Today’s guest post comes from Karen Richardson. I have the pleasure of knowing Karen in many different capacities. She is a mental health therapist who works in the same office as my husband (somebody’s gotta keep that boy straight all day), a fellow church goer at our coffee shop turned church, and most of all a friend. We calm each other’s nerves as mothers. I tell Karen how my husband grew up as an only child, like her son, and turned out just fine and she shows me how an adopted daughter, like my own, can find her own identity as a mom. I am always grateful to listen to Karen’s calming voice and today am proud to share her words on growing up adopted and then becoming a biological mom. (And don’t worry Karen, my husband looked like his dad until he was ten and now looks just like his mom. It can happen!)
Awkward. When people ask what it was like to grow-up adopted, I never say “awkward.” But I think it. Oh, I know the right answers—chosen, fortunate, blessed, saved, sanctified, and downright undeserving. But awkward is the standout for me. Even my stable, loving parents—folks who did and would still do anything for me–could not save me from the curiosity and questions of others. From our first years in grammar school, adopted kids are expected to offer commentary on the great mysteries of our lives.
Geez, all those unanswerable questions:
Do you know your real mother?
Is that your real sister?
Will you search for your birth family?
Aren’t you lucky!
I was lucky. I am fortunate. Hands down, there’s nothing better than being raised in a loving family. But most of the time, when the subject of my adoption came up, I was simply stumped. By the time adolescence arrived, I’d honed a deer-in-headlights facial expression that should have cleared the room. But the comments and questions persisted.
The first time I heard, “You have those Jones eyes,” I was around 13 years old and visiting a distant relative. On top of feeling the typical adolescent angst about my appearance, I had also developed a nagging frustration: part of me wanted to own those blue eyes, but another part wanted to know the person—any person—who really looked like me. Or acted like me. Were my birth mother’s eyes blue? Did she play the flute? Was my biological father shy? Did I have a brother out there with double-jointed thumbs like mine? (Actually, I do have a brother–yes adopted, no not from the same mom–with double-jointed thumbs, but that’s a guest post for another time). The great-uncle who commented on my eyes lived in a nursing home for veterans. He had been reminiscing with my adoptive father and grandmother, and I’m sure the family resemblance seemed genuine. But the observation left me feeling as if I had one foot in the Jones’ stock and one foot in who knows where. I had to be careful about where I stepped.
Back in the 1960s, adoption procedures included attempts to match infants with adoptive parents of similar backgrounds and physical characteristics. Consequently, I was placed by a Catholic to be raised Catholic, had brown hair like 2 of my siblings, and the blue eyes of my adoptive father and his family. For most of my life I actually felt more connected to my adoptive mother’s family, though I looked more like my dad’s. My mother’s parents emigrated from Germany, and one of the few pieces of information provided during the adoption process related to lineage. I clung to that lineage like nobody’s business—German, Italian, and Czechoslovakian. That last one made me feel particularly exotic, and so when a friend and I traveled to Prague, I could almost feel roots pulling me into the pavement cracks when we stepped off the train.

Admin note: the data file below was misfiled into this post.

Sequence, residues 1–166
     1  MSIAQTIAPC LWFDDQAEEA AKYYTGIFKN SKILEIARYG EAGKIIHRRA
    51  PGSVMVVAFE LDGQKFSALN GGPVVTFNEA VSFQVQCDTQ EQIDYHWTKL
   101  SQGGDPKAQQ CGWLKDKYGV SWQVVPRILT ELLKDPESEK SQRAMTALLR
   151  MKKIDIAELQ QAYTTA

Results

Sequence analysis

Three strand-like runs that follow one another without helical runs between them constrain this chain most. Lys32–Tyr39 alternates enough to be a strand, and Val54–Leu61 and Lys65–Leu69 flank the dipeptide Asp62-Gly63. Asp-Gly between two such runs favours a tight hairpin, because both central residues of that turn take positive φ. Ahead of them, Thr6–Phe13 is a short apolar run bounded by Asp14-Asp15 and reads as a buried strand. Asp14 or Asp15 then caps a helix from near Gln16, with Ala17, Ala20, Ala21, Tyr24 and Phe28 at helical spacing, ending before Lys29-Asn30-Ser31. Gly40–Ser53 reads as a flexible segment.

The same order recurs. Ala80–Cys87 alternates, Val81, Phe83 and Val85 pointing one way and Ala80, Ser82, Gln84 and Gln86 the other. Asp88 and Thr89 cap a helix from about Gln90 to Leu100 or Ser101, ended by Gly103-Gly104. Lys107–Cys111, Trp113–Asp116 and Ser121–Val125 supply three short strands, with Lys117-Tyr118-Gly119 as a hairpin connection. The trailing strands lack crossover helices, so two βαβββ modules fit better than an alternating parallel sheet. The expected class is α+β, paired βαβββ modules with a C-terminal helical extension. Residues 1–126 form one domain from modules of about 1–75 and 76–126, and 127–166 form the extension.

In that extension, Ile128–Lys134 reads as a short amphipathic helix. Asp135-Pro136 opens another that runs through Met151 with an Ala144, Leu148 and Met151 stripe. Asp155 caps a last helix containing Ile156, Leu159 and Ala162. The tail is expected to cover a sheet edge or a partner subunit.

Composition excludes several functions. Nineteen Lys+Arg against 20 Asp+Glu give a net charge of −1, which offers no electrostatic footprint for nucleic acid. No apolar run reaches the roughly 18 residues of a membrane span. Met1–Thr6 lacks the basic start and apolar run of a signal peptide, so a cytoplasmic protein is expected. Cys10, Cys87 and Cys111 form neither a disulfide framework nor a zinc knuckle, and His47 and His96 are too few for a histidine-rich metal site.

The funny thing is, I wasn’t even aware of this need to feel connected to a heritage until my adoptive sister mentioned—in our 30s—how distant she felt from our extended family culture, noting that “nobody’s French or Lebanese.” It occurred to me then that my German blood helped me adopt my mother’s family, while my sister’s Lebanese and French blood left her hanging. This realization led to several conversations about the ways adoption shaped our assumptions, the most surprising of which had to do with our own expectations for motherhood. After becoming late-life parents—she had her first at 35 and I at age 40—we talked about how we’d each assumed we’d never have kids “because Mom didn’t have any.” (Cue deer-in-headlights expression.)
The first time I looked down at my newborn son, I was too grateful for his health to consider his appearance. But as he grew, I looked for signs of myself, and saw very few. Friends and family offered the kindest remarks—the type I’d grown accustomed to hearing during my own childhood:
He looks just like his dad.
That red hair is really something…does his father have red hair?
My, he’s tall! Those Richardsons are basketball players.
So, I wait patiently. That little baby boy is in 1st grade now and still looks like his dad. But I’m waiting. And I’m looking. His hair is becoming sandy-colored, similar to the hair in my own primary school portraits. He is friendly, but easily embarrassed when he’s the center of attention. His thumbs bend in ways thumbs shouldn’t bend. And his eyes are blue. Just like his dad’s, and just like mine.
As an adult, I enjoy blending in with my adoptive family—they are not my first family, but like the Velveteen Rabbit who was loved until he “got loose in the joints and very shabby,” they’re my real family. I have also grown to value the mystery surrounding my birth and relinquishment. Both of these circumstances–both of these families– delivered me into the world, and I’m grateful for the grace to balance myself with a foot on each foundation. My son doesn’t need to look or act like me to become a part of this family mash-up.
As long as he feels like a real son, we’ll be fine.